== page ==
Home News Singapore Budget

Amid growing unemployment and coronavirus fears, here's what to expect in budget 2020: DBS

Samantha Chiew
Samantha Chiew2/3/2020 12:44 PM GMT+08  • 4 min read
Amid growing unemployment and coronavirus fears, here's what to expect in budget 2020: DBS
“Overall, we expect the upcoming budget to be a well-balanced budget, aimed at alleviating near term concerns and addressing longer term structural issues," says DBS senior economist Irvin Seah.
Font Resizer
Share to WhatsappShare to FacebookShare to LinkedInMore Share
Scroll to top
Follow us on Facebook and join our Telegram channel for the latest updates.

SINGAPORE (Feb 3): In just two more weeks, deputy prime minister and finance minister Heng Swee Keat will be announcing Budget 2020. And with a challenging economic outlook and the effects of the coronavirus outbreak in the background, Singaporeans are anticipating some relief from the upcoming budget, according to DBS Group Research.

Moreover, employment prospects in Singapore remain clouded with uncertainties. In recent months, job data has also shown mixed results.

In a Monday report, senior economist Irvin Seah says, “While employment growth has remained strong, unemployment rate for residents rose to 3.2% on a seasonally adjusted basis, the highest since 1Q17. The number of retrenchments in the same period (2,430) edged up from the previous quarter (2,320) although it remained lower than a year ago (2,860).”

“Most importantly, job vacancy to unemployed person ratio, a good indicator on the current state of the labour market, fell further to 0.83. That is, there are more unemployed persons than job vacancies in the labour market,” he adds.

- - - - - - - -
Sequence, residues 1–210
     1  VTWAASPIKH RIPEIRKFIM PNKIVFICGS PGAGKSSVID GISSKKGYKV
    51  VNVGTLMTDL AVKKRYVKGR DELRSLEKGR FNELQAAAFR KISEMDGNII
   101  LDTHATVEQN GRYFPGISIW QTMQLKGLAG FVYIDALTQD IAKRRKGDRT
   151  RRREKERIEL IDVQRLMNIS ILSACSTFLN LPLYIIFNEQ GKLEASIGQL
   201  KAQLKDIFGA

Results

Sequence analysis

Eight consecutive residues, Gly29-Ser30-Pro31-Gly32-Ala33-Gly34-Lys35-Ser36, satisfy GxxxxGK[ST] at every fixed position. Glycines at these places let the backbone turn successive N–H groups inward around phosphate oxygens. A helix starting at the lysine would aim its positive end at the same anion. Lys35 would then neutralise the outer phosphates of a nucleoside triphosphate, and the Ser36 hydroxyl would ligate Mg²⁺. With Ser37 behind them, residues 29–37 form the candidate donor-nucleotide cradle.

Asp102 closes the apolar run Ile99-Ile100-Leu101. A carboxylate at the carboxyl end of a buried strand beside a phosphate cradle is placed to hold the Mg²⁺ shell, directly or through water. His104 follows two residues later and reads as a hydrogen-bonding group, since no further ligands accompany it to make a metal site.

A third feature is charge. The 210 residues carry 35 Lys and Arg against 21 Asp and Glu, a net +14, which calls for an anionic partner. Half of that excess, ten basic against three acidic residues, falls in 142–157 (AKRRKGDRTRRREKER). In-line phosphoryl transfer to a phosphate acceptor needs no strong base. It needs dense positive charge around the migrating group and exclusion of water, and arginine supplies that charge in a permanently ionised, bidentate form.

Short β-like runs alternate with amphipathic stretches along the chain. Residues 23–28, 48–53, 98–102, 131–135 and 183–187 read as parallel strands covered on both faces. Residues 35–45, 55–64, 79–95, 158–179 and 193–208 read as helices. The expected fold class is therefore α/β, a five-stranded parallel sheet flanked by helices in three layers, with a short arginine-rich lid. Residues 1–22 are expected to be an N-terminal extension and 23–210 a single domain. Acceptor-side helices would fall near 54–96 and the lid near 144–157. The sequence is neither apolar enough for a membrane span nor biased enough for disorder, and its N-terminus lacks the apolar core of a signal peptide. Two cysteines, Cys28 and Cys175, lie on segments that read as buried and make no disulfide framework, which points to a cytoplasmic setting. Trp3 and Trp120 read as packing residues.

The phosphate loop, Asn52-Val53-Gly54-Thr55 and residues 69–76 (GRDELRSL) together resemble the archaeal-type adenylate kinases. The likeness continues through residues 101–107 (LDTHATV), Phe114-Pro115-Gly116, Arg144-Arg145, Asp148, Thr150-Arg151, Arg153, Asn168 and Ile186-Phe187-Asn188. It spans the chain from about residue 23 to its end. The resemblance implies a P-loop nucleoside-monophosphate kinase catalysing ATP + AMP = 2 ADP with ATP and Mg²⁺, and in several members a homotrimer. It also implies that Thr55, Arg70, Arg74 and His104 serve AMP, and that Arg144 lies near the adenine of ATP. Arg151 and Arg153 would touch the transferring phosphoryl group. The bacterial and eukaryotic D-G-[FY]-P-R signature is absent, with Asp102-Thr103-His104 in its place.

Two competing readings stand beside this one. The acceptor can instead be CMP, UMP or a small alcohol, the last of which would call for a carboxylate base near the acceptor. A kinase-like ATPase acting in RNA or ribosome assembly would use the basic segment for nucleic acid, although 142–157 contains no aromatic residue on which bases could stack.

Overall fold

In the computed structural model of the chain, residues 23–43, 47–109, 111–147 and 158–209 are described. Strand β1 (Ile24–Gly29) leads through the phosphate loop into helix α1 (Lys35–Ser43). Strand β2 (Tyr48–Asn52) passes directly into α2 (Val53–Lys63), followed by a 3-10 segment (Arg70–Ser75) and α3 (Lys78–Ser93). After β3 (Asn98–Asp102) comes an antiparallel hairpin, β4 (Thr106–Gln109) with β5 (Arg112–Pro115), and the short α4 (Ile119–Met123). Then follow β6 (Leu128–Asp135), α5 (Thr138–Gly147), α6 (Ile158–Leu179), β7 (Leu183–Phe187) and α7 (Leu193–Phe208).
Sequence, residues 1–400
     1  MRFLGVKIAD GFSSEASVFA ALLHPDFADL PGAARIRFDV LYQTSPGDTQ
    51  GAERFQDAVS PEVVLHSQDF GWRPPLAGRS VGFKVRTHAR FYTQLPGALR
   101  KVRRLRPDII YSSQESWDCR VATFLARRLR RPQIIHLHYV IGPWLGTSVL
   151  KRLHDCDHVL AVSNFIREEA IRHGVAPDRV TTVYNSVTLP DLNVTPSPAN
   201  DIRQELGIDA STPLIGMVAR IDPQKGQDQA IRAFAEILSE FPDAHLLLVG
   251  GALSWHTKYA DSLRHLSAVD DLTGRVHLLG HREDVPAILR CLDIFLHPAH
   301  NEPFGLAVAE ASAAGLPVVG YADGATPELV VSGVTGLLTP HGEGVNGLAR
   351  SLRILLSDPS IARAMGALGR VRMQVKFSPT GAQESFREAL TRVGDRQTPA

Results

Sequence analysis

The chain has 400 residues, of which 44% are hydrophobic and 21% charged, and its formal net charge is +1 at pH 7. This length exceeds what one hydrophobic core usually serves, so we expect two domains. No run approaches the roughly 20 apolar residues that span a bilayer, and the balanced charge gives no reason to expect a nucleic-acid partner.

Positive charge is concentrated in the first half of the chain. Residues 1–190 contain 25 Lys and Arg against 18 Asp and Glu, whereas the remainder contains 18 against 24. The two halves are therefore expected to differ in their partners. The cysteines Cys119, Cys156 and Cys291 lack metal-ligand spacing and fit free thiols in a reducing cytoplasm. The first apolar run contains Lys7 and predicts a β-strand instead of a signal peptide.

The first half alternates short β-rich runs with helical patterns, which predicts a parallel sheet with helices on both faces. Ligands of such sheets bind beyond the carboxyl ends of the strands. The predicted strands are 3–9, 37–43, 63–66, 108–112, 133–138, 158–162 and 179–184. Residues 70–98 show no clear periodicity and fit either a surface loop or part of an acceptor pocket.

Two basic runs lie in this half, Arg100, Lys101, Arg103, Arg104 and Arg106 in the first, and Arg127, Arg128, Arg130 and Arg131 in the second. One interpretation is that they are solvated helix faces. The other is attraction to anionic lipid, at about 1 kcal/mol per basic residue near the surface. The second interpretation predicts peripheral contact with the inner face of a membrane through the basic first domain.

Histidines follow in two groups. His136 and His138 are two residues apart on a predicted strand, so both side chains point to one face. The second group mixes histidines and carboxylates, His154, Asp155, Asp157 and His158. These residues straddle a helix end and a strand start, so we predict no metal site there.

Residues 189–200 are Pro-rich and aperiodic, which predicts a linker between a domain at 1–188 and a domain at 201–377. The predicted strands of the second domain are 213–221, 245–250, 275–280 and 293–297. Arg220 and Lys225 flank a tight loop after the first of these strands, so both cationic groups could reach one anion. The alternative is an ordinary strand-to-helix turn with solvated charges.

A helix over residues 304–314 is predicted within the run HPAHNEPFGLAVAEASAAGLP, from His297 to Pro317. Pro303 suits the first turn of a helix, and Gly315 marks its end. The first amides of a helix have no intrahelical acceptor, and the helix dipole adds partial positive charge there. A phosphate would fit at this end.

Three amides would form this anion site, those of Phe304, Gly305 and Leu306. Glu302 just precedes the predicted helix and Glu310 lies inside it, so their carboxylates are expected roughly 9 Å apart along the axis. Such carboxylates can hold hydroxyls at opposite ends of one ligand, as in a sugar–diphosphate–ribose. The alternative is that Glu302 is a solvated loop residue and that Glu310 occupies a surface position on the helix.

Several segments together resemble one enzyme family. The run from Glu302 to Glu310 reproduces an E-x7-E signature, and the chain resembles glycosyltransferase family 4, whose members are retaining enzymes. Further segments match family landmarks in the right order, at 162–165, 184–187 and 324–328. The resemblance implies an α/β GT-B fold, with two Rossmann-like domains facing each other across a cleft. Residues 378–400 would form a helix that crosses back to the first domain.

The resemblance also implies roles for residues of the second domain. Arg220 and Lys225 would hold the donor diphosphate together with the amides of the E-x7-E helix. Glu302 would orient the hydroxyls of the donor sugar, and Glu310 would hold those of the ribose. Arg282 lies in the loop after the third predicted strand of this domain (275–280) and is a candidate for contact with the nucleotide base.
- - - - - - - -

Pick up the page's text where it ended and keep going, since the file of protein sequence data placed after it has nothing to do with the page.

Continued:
But the bad news does not stop here. Seah believes that the ongoing coronavirus outbreak could negatively affect the economy and the effects may spill over to the labour market. More specifically, those in the tourism, transport, retail and F&B industries could be worst hit.

This is in comparison to the SARS epidemic in 2003, when GDP growth shrunk by 0.3% in 2Q and unemployment rate increased to 4.8% in 3Q. To counter the impact, a $230 million SARS relief package was introduced in April 2003 to support the economy and the affected industries. Likewise, the government is likely to announce similar support measures in the upcoming budget.

Beyond that, policy measures to support retrenched workers, enhance employability, and defray higher costs of living could also be in focus.

Seah believes that some of the measures could include:

  • Personal income tax rebates for all taxpayers;
  • Tax relief for retrenched workers [1];
  • Cash relief for workers affected directly by the outbreak
  • More GST vouchers (Cash, U-Save rebate), and S&CC rebate;
  • Extension of the Special Employment Credits (SEC);
  • One-off cash bonus under Workfare Income Supplement (WIS);
  • One-off SG Cash Bonus for all Singaporeans;
  • CPF Medisave top-up;
  • More financial support for needy families
  • More childcare relief and Edusave top-up